One of the most beautiful aspects of the Ash Wednesday liturgy to me is the human interaction that occurs when one person reaches out and marks another’s forehead with a cross of ashes. The gentle touch of another’s thumb on my forehead has a strange effect on me that makes me feel both calm and vulnerable. That gesture reminds me that I am an embodied being, a human who needs contact with others. It is an experience of community through the sense of touch.

Ash Wednesday reminds us, “You are dust and to dust you shall return.” These words, spoken by God after Adam and Eve’s first sin in Genesis 3, remind us of our own mortality and sinfulness, and our need for conversion. Yet our vulnerable mortality is not something to flee from and despise, but something to embrace. Paradoxically, by becoming more authentically human, we will discover what it means to be divine.

BoliviaThe image of dust will always remind me of the Bolivian Andes, where I spent a couple of summers some years ago. In the dry Southern Hemisphere winter, the dust of the mountains swirled around the little garden of the house where I lived, settling on every floor, tabletop, and surface outside the house and within. Amid that ubiquitous grittiness I witnessed so many manifestations of human vulnerabilities, both of others and my own. Most of my neighbors in Bolivia didn’t have the same resources that we enjoy in my context in the U.S. to shield ourselves from cold and heat, hunger and thirst, or illness and danger. But in their common need, neighbors collaborated naturally, lending a table for our altar at Mass or exchanging labor to help each other build houses. When funding from the government was delayed, women worked for weeks without pay to provide hot meals to the schoolchildren. Despite its poverty, the barrio came to life through the sacrifices and generosity of its residents.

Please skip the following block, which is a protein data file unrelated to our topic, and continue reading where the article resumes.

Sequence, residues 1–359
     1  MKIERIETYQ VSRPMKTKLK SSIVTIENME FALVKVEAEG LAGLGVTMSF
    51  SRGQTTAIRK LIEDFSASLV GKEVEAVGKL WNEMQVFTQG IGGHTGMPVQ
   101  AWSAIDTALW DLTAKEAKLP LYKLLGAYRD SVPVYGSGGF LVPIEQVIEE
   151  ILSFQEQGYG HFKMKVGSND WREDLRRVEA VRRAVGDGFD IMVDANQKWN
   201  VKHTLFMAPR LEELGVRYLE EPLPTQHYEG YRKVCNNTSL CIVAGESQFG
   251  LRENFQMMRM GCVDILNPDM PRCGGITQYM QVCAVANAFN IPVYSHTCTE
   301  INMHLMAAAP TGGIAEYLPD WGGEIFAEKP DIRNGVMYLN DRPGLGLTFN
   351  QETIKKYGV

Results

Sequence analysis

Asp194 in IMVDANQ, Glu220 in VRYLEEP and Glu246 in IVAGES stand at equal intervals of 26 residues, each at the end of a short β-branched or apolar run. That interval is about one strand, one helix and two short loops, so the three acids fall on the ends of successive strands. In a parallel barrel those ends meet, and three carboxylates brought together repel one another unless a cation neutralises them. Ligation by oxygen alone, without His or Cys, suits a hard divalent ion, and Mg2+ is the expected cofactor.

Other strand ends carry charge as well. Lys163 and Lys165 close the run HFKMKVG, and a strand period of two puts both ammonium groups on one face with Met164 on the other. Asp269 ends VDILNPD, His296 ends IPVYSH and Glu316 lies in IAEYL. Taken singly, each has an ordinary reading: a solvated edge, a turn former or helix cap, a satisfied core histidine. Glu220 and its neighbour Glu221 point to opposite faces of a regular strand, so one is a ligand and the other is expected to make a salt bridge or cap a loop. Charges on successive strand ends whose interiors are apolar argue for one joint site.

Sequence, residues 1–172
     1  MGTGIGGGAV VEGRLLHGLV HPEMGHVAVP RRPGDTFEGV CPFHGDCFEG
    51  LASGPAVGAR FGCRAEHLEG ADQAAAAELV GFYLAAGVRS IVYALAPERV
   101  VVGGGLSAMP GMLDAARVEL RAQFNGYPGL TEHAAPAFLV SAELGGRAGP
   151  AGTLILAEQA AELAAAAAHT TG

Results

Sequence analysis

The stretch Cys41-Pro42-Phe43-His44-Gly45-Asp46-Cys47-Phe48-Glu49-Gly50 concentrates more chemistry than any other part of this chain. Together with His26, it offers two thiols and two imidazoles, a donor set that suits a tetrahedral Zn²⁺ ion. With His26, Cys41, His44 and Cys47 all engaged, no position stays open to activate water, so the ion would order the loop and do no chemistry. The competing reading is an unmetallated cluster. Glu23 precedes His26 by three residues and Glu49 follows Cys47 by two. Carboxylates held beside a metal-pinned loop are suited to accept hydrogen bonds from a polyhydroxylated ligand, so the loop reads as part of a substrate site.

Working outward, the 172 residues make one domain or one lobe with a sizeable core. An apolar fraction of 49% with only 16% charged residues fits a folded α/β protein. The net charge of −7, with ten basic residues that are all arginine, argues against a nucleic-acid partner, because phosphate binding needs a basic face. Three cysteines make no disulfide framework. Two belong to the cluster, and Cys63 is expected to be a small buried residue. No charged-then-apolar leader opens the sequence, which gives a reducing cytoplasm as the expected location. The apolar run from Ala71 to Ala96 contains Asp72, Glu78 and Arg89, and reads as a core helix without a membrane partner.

As we begin the Lenten season, we face the challenge of accepting the cross alongside Jesus in order to rejoice in his resurrection. We remember that there is no resurrection without the cross, just as there is no love without sacrifice. My neighbors in Bolivia were acutely aware of their human vulnerability and interdependence, and their love flourished in response to this. The challenge for many of us in the U.S. is to remove ourselves from our insular comforts and reconcile with the vulnerability that we’ve worked so hard to shut out. Dorothy Day, who lived in exemplary solidarity with the poor and homeless, knew the abundant grace of embracing discomforts to be united with Christ through the people of God: “Let us love to live with the poor, because they are specially loved by Christ… When we suffer from dirt, lack of privacy, heat and cold, coarse food, let us rejoice.” When we humbly recall our human weakness on Ash Wednesday, let us not despair but rejoice—for in the openness of vulnerability, God’s love will enter.